One prospect Breen is not thrilled about is the possibility of an outside post. “If, God forbid, we drew 12 out of 12, we’d have to consider what to do. Part of why we came here is because Gulfstream Park has been speed biased at a mile and an eighth. But we’re here. I think we’re going to be the favorite or one of the favorites. We’re here to win.”
Michael Maker, trainer of Jack Spratt, clearly disagrees with Breen on Turfway Park’s post position philosophy. “I’m actually hoping for an outside draw,” said Maker, who has won with 41% of his starters at the current Turfway meeting. “Don’t get me wrong; the best horse can win from down inside. But I think the best place to be is stalking from the middle or outside.”
Maker also parts ways with Breen in terms of future plans for his Lane’s End entrant. Maker feels Jack Spratt was simply overpowered on the dirt last time out in the Fountain of Youth (gr. II) at Gulfstream Feb. 28. He feels his horse’s future is on all-weather racing surfaces. “If it was all up to me, if we were fortunate enough to win the Lane’s End, I’d have no illusions about going on to the Derby,” Maker said.
Maker readily admits, however, that such issues are the domain of Jack Spratt’s owners, Sand Dollar Stable and Skychai Racing, and that Derby Fever can infect even the heartiest of constitutions. Still, Maker is not looking at all past the Lane’s End for now. “In my eyes, I think Saturday is our Kentucky Derby.”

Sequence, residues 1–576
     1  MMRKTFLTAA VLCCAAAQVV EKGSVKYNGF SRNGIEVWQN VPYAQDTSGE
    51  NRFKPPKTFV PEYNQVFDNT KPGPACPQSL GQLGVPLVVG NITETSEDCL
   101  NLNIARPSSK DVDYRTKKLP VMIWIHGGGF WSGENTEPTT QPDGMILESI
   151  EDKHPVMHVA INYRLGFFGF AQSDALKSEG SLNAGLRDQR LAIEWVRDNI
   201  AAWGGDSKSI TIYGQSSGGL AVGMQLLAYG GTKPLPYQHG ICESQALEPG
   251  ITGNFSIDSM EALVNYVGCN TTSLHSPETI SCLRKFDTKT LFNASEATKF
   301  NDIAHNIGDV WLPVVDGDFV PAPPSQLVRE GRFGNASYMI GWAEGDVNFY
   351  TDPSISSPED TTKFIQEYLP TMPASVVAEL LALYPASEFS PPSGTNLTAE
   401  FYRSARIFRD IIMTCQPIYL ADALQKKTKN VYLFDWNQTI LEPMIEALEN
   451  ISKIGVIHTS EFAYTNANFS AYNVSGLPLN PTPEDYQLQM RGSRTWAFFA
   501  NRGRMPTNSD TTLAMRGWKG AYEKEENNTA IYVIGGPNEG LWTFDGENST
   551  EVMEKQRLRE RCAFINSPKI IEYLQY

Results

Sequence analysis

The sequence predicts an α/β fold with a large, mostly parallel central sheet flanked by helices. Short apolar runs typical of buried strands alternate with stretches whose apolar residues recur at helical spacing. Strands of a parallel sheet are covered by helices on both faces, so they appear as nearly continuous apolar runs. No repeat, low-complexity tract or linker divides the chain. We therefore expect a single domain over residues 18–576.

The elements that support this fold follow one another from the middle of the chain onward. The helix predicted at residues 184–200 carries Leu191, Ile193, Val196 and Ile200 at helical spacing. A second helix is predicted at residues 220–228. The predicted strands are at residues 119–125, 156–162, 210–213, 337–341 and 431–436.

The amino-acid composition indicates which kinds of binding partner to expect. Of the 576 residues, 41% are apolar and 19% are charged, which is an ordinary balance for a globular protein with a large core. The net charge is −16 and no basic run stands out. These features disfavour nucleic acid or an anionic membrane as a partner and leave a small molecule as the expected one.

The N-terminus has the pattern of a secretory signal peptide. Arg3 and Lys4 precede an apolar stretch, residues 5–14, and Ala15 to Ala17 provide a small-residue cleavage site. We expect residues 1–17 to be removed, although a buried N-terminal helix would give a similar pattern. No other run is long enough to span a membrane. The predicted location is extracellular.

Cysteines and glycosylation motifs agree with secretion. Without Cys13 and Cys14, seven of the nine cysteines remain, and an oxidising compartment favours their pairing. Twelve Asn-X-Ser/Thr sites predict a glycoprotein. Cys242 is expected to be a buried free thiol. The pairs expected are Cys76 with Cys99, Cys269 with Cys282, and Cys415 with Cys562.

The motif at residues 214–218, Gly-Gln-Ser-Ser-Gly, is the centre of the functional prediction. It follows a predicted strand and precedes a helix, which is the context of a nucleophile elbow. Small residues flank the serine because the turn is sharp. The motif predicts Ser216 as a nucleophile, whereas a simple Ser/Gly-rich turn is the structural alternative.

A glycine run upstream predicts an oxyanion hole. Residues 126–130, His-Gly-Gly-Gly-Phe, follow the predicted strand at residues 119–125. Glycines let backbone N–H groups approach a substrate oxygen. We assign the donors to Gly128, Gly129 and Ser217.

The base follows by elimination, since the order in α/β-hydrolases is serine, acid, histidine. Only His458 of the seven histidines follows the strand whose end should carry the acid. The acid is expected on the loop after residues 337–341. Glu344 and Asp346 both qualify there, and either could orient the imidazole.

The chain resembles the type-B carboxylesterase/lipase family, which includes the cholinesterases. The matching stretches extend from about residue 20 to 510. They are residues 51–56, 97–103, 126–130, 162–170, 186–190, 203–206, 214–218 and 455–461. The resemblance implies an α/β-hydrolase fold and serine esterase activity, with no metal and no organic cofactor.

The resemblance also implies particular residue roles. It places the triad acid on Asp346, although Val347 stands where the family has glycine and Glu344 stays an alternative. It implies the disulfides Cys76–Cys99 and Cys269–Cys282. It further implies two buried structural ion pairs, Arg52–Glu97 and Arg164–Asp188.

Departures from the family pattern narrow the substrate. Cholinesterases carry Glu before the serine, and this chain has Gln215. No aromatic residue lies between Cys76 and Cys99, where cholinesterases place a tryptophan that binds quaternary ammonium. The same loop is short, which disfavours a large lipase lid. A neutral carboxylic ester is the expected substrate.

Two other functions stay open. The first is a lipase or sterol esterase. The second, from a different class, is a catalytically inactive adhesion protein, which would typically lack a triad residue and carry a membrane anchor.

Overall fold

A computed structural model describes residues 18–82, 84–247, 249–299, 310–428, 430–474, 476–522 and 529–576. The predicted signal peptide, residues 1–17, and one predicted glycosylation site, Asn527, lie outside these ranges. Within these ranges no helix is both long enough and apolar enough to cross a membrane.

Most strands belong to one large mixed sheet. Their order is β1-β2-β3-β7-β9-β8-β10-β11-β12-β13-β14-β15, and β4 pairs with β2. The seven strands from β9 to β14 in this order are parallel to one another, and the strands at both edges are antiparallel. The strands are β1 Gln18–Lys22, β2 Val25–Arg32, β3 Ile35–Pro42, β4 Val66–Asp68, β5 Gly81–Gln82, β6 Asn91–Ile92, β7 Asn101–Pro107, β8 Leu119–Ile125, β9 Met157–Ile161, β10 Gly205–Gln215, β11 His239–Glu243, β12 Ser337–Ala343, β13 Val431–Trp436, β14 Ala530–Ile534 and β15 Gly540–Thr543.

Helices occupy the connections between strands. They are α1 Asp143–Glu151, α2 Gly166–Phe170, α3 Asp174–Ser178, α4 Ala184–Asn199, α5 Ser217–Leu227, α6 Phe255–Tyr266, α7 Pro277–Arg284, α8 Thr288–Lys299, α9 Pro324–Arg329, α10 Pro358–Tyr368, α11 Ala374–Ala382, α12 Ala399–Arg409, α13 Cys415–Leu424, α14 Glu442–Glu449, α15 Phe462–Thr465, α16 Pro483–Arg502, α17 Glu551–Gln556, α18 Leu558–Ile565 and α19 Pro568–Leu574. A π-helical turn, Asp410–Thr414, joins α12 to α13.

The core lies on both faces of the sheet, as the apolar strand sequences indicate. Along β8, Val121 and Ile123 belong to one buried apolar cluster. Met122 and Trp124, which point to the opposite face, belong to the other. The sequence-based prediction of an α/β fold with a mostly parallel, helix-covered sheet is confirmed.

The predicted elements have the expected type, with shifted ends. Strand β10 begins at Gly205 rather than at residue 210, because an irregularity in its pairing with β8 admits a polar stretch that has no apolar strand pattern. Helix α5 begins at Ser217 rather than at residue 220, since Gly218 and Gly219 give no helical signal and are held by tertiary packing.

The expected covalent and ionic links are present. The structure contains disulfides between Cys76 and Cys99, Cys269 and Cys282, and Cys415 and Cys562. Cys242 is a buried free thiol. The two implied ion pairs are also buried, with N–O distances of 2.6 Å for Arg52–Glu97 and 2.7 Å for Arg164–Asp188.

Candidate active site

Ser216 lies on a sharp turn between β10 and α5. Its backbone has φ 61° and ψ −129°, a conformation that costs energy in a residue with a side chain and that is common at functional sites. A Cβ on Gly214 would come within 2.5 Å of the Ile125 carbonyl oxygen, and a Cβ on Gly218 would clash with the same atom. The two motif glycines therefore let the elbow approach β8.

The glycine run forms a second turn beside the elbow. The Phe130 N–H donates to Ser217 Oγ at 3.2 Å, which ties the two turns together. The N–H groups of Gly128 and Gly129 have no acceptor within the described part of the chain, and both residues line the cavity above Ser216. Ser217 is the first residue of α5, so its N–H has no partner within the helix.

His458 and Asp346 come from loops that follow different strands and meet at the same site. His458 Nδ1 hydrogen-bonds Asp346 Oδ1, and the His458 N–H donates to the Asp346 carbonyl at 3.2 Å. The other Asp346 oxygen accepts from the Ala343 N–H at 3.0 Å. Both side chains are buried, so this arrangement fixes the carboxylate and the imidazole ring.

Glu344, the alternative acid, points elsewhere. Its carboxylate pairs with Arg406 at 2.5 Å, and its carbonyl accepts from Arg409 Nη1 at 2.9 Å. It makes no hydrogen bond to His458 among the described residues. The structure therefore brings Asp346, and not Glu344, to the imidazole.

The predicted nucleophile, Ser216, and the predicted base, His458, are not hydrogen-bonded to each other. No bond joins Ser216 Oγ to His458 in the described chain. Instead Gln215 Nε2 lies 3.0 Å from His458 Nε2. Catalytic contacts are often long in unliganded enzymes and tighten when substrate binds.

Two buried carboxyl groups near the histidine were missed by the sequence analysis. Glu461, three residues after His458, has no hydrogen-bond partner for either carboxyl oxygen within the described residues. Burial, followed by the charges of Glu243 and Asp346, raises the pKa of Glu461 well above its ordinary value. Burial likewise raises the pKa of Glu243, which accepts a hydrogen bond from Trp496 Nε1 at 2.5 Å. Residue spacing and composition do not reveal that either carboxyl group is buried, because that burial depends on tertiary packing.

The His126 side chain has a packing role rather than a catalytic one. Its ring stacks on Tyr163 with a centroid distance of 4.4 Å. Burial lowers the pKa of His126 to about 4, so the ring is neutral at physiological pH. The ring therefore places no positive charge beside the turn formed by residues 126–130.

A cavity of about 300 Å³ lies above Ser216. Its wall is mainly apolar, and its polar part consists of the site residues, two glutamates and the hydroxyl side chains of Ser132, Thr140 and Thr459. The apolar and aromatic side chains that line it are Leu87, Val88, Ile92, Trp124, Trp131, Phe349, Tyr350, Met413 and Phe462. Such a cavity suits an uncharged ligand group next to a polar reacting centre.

And as far as Saturday is concerned, Maker sees a lot to like with Jack Spratt. “I like the fact that he has run well over the track at Turfway (second in a maiden race Sept. 19) He wasn’t always the most mature horse, but he’s gotten better. He raced well against Bittel Road (as a maiden in the Woodford Reserve Bourbon Stakes, gr. IIIT, at Keeneland last October) so I think he fits with Bittel Road and West Side Bernie.”
Among others intended for the Lane’s End, Bill Mott trainee Hold Me Back and Kiaran McLaughlin trainee A. P. Cardinal are expected to arrive at Turfway from Florida on Thursday. Mott also plans to bring J Z Warrior for the Queen Stakes, a sprint for older fillies and mares, and McLaughlin has Fitz Just Right in the Bourbonette.

Following are other contestants for undercard races

$100,000 Rushaway Stakes (1 1/16 miles for 3-year-olds)
Dueling Alex (trainer Cam Gambolati)
Fitzaslew (Ken McPeek)
Gresham (James Baker)
Ninth Client (D. Wayne Lukas)
No Inflation (Tom Proctor)
Sundays Baby Grand (Jackie Christenson)
Toccet Rocket (Brian La Mew)
Ziegfeld (Dale Romans)

$150,000 Bourbonette Oaks (gr. III, one mile, for 3-year-old fillies)
Fitz Just Right (Kiaran McLaughlin)
Hot Cha Cha (Phil Sims)
Instrumentalist(Tom Drury Jr.)
Ocoluna (Darrin Miller)
Step Out Smartly (Rusty Arnold)
Stone Legacy (D. Wayne Lukas)
Super Poni (Keith Chudzik)
Walloon (Katherine Ball)

$50,000 Hansel Stakes (six furlongs for 3-year-olds)
He Ain't Right (Bill Denzik Jr.)
King Puma (Kelly Breen)
Music City (Bill Helmbrecht)
Rudy Flyer (Bill Connelly)
Shanes Gold (John Good)
Turfiste (Bob Holthus)

$50,000 Queen Stakes (six furlongs, fillies and mares, 4-year-olds and up)
Hadavision (Mike Maker)
Just for Keeps (Mike Maker)
Miss A. Bomb (Phil Sims)
Natalicat (Tim Schuh)
Proud Heiress (Wayne Mogge)
Tactical Candy (Luis Seglin)
Tosca's Kiss (David Ashcraft)
Victorianna (Eddie Kenneally)